Via Chicago
— Errata Movie Podcast —
2003, U.S.
director: Jonathan Caouette

In 1973, influential filmmaker Jean Rouch wryly explained why he made documentaries about vanishing cultures: "Why do I take the camera among mankind? My first response will always, strangely, be the same: 'For me.'" Trained as an anthropologist, Rouch had a good many more reasons than that, but his statement was honest and philosophical. "Film," he added, "is the only means I have to show someone else how I see him." In the 1950s his embrace of new technologies — portable cameras and audio equipment — helped Rouch stand on the shoulders of Robert Flaherty (Nanook of the North) and Dziga Vertov (The Man with the Movie Camera), innovators who recognized in the earliest days of cinema that a camera has the potential to break down barriers between people, like a little machine that captures the truth, or at least something close to it.

Born in Houston a year before Rouch made that statement, Jonathan Caouette grew up with one of those machines at his side, and he hung onto it like a security blanket through his family's dark nights. Tarnation, the 90-minute film that he extracted from two decades of footage, tries to untangle his complicated past and get at something close to the truth. It's his own story — he was a troubled kid with abusive foster parents, a boy who made slasher movies with his friends and partied at adult clubs when he was a teen — but it's also the story of his mother and her mental illness and the story of his grandparents who raised him, intermittently, during his mother's extended hospital stays. Caouette now seems like someone coming up for air after a long, breathless struggle; Tarnation is his testament of survival.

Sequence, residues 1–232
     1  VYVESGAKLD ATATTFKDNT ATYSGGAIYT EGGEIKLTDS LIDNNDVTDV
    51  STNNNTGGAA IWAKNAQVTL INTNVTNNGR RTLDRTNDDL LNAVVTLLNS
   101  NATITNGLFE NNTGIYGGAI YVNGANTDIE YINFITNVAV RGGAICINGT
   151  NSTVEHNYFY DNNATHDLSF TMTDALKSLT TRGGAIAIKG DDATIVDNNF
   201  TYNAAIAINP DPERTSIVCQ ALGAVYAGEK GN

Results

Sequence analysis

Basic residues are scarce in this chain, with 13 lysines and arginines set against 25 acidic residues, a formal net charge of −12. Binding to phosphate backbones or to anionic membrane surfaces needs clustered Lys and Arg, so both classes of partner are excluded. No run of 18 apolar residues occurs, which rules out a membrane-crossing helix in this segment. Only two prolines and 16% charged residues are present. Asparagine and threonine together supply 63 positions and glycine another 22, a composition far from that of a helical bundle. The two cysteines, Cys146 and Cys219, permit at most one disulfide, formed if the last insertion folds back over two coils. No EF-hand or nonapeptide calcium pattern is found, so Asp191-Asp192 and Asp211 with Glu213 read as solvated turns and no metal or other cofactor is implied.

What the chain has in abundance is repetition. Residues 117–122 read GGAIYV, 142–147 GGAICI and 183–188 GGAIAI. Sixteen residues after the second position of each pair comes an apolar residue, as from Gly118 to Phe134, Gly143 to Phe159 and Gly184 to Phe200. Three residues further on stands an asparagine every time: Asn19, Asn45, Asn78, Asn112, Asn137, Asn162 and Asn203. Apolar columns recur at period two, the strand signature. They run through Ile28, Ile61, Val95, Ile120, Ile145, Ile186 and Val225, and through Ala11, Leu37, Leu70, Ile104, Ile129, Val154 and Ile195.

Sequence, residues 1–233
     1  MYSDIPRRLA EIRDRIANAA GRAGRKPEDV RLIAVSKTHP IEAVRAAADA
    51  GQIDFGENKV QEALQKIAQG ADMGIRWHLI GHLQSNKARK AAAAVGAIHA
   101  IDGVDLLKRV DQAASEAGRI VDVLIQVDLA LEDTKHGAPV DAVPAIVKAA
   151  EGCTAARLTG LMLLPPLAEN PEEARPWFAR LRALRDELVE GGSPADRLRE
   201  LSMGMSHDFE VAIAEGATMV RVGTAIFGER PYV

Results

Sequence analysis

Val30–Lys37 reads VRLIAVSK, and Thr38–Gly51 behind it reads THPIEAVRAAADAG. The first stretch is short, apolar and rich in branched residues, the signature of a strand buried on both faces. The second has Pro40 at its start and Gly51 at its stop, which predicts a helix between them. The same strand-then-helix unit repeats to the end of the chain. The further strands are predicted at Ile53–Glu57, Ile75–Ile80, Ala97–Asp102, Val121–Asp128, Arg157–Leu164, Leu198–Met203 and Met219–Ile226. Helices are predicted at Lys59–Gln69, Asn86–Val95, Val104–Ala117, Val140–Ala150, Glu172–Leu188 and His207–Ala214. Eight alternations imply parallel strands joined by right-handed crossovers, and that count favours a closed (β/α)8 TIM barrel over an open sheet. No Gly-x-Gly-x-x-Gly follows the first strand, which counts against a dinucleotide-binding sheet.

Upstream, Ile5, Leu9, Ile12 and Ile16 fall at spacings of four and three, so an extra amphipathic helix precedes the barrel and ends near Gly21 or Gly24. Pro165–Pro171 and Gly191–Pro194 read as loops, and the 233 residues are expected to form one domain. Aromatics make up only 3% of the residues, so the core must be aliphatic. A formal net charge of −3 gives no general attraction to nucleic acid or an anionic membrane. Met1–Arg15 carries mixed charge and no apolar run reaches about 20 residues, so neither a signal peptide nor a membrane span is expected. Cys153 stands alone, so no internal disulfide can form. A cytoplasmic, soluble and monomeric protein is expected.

The promise of personal video is that it'll put the power of moving images into the hands — and homes — of ordinary people. It's another frontier opened by technology, a place that cameras have, until now, been too bulky or too foreign to go unnoticed. Albert Brooks poked fun at the attempts to film domestic spaces in his hilarious first movie, Real Life, where men with cameras mounted on their heads lurk around Charles Grodin's dinner table as he tries to carry on a normal — quote unquote — conversation with his family. But since then cameras have become as familiar as socks in many American homes, and for kids like Jonathan, the camera has become a substitute for a leather-bound diary, trusty and worn, a keeper of secrets.

Although Tarnation may foreshadow a new era of personal filmmaking, it doesn't necessarily herald the coming of a great filmmaker. Caouette's 90 minutes are a jumbled mass of images, aligned in arbitrary grids and edited with little grace. Maybe the high-volume, monotonous pace mirrors Caouette's own inability to order his life and his own tendency toward melodrama, but his movie would benefit from a keener, more curious eye. Instead of using the grammar of cinema to tell his story, he relies on pages of scrolling text that read like the piteous scribbles of a teenager holed up in his room with the stereo blasting. The world's against me. Woe is me.

Granted, young Jonathan had plenty to be woeful about, but the movie is best when it slips quietly into the air pockets between his family's dramatic episodes, showing Caouette's natural, spooky talent for acting in the process. A monologue he delivers when he's surely not a whisker over 12, playing the part of a battered housewife, is as riveting as it is disturbing. He's acting for an audience of one, his camera, and although it's not the kind of scene that would be the heart of most movies, it might be the heart of this one. At that moment Tarnation is tensely electric and seemingly on the verge of fulfilling its promise by tapping into an unexplored vein of human experience.